By Alicia Doyle, Ventura County Star

As the newly appointed president of Senior Concerns, Andrea Gallagher said her goal is to provide a positive aging experience for all of us.

“If we develop the right support system, the right services and the right environment for seniors to thrive, it makes growing older a great experience and reduces the burden on family caregivers,” said Gallagher, a certified senior adviser who lives in Westlake Village

Senior Concerns, based in Thousand Oaks, is a private nonprofit dedicated to serving all seniors, especially those who are frail and have special needs, as well as their caregivers and families.

The organization’s board of directors appointed Gallagher president, effective Feb. 25. The search for a new leader began more than a year ago when Carol Freeman, who served in the position for five years, announced her retirement.

As president, Gallagher will provide leadership for Senior Concerns’ programs, personnel, finances and fundraising efforts.

“My goal is for Senior Concerns to provide support, respite, care and education for seniors and caregivers in our community,” she said.

“Andrea truly believes in the mission of Senior Concerns to serve the needs of seniors and their families,” said Brenda Birdwell, who oversees advocacy and outreach at Senior Concerns. “She began her foray in the senior world with her elderly neighbors. She and her husband helped with trips to the doctor and ultimately, literally, adopted them, caring for both of them until they passed.”

Gallagher met Fred and Hildy in 2001 when she and her husband moved to Westlake Village.

“Putting myself in their shoes, I saw their need for support and care, and the relief they felt when they realized they could count on us to be there for them,” Gallagher said.

Hildy passed away at age 86, and Fred died a year later at age 83.

“After their passing, I was convinced that awareness and better planning could make inevitable life transitions much easier for individuals and their families,” Gallagher said.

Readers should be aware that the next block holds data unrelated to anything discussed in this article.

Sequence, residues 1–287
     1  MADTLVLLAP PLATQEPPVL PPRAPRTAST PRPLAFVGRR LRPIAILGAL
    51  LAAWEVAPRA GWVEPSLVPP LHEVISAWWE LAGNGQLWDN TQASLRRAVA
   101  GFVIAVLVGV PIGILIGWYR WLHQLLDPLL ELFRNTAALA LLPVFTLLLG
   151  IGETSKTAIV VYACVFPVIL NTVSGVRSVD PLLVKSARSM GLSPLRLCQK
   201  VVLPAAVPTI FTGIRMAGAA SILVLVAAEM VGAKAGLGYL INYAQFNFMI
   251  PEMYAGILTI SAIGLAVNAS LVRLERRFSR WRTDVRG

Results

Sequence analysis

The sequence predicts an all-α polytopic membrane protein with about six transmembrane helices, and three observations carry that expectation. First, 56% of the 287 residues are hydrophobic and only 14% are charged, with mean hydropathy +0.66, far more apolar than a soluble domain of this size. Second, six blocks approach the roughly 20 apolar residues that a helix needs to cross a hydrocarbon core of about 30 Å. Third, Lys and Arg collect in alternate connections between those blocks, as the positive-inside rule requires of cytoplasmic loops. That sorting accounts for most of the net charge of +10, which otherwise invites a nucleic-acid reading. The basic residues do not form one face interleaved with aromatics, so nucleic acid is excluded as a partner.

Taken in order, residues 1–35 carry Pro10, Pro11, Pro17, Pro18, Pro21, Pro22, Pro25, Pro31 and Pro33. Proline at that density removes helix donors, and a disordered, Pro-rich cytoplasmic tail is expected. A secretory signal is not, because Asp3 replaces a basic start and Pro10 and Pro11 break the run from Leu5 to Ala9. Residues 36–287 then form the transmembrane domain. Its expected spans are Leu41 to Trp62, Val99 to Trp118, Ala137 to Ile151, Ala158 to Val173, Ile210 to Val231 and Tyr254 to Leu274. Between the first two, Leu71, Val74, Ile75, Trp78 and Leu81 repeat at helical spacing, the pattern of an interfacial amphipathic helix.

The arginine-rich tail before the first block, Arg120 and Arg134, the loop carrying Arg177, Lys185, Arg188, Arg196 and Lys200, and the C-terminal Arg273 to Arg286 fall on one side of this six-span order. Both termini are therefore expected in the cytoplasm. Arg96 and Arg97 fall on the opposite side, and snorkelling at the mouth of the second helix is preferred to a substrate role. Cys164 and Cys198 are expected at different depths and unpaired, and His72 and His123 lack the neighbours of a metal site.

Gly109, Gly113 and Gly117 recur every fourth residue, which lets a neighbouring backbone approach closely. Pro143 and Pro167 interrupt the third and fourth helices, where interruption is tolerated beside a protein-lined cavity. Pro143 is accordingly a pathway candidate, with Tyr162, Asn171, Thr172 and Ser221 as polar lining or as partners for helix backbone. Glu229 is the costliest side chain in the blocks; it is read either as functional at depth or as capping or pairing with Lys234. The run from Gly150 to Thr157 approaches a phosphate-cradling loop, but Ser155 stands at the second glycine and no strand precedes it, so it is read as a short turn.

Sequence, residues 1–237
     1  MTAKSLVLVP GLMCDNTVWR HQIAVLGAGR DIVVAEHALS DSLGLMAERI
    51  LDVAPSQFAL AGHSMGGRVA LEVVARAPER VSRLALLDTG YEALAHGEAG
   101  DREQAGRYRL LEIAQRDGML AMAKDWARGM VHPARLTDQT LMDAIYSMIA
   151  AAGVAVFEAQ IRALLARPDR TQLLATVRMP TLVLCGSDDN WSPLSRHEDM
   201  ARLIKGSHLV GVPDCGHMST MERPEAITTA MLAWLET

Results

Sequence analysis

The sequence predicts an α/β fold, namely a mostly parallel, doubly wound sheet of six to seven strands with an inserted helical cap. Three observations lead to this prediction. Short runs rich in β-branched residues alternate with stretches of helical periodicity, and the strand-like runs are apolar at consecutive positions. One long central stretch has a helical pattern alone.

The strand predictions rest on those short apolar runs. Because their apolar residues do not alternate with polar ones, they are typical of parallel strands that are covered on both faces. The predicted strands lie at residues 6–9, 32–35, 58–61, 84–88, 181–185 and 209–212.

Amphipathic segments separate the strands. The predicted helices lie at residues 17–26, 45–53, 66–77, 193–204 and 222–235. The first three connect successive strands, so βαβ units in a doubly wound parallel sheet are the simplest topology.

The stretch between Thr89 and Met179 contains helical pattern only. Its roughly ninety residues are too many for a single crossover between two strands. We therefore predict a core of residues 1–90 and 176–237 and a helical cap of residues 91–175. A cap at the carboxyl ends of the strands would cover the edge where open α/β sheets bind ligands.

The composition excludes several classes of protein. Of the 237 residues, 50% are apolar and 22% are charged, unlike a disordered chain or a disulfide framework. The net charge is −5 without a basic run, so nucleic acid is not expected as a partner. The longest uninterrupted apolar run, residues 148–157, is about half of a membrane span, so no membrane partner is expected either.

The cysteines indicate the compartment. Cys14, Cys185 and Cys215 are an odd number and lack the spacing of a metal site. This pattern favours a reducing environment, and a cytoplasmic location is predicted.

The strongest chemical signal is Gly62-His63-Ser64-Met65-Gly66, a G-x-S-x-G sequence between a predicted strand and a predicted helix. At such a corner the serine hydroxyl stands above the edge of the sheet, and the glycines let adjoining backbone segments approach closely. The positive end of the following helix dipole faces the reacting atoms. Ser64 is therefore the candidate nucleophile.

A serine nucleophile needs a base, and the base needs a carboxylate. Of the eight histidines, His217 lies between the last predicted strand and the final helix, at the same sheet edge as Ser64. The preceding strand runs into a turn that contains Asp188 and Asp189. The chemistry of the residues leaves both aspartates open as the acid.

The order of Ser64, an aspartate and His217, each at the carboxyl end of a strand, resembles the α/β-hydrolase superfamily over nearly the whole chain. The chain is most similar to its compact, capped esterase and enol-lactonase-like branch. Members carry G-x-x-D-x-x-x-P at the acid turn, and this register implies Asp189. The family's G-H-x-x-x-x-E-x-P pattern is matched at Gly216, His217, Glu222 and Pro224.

Working for an organization that provides seniors a sense of safety and independence and a feeling of self-worth and belonging is important to Gallagher.

“It also honors my mom, who quit her job to care for me as a child when I had a long illness and is now full-time caregiver for my wheelchair-bound dad,” she said. “Putting myself in her shoes, I see the emotional, physical and financial burden that comes with caregiving, so working for an organization that provides support, respite, education and resources for family caregivers, allow me to honor her.”

Gallagher “has made a name for herself as a mover and shaker in the senior world and has taken it on herself to educate herself and others on senior matters,” Birdwell said.

For instance, Gallagher is the president of the Life Planning Network, a national organization concentrated on positive aging. She holds a certified senior adviser credential, which is an accredited credential to help people better understand the needs of seniors. She also has served on the housing team for the Thousand Oaks Council on Aging Senior Adult Master Plan.

“I am very excited to have Andrea as our new president. She brings passion and experience to the job,” said Lori Bliss, a care coordinator and senior advocate at Senior Concerns. Additionally, “she has an exuberance that will help us continue our mission to provide programs and services for aging seniors, families, caregivers and the community which support and improve the quality of life.”

Gallagher’s greatest qualities are her futuristic thinking and knowledge of seniors, said Freeman, who returned in November as interim co-president after her May retirement.

“She is quick to grasp an idea and even quicker creating them to address what an organization should be doing now to meet needs of seniors and how it should position itself a few years out,” Freeman said. “Her national affiliations and networks give her a perspective for solutions tried and proven elsewhere. Above these great skills is her absolute driving passion, compassion and caring for our senior community.”

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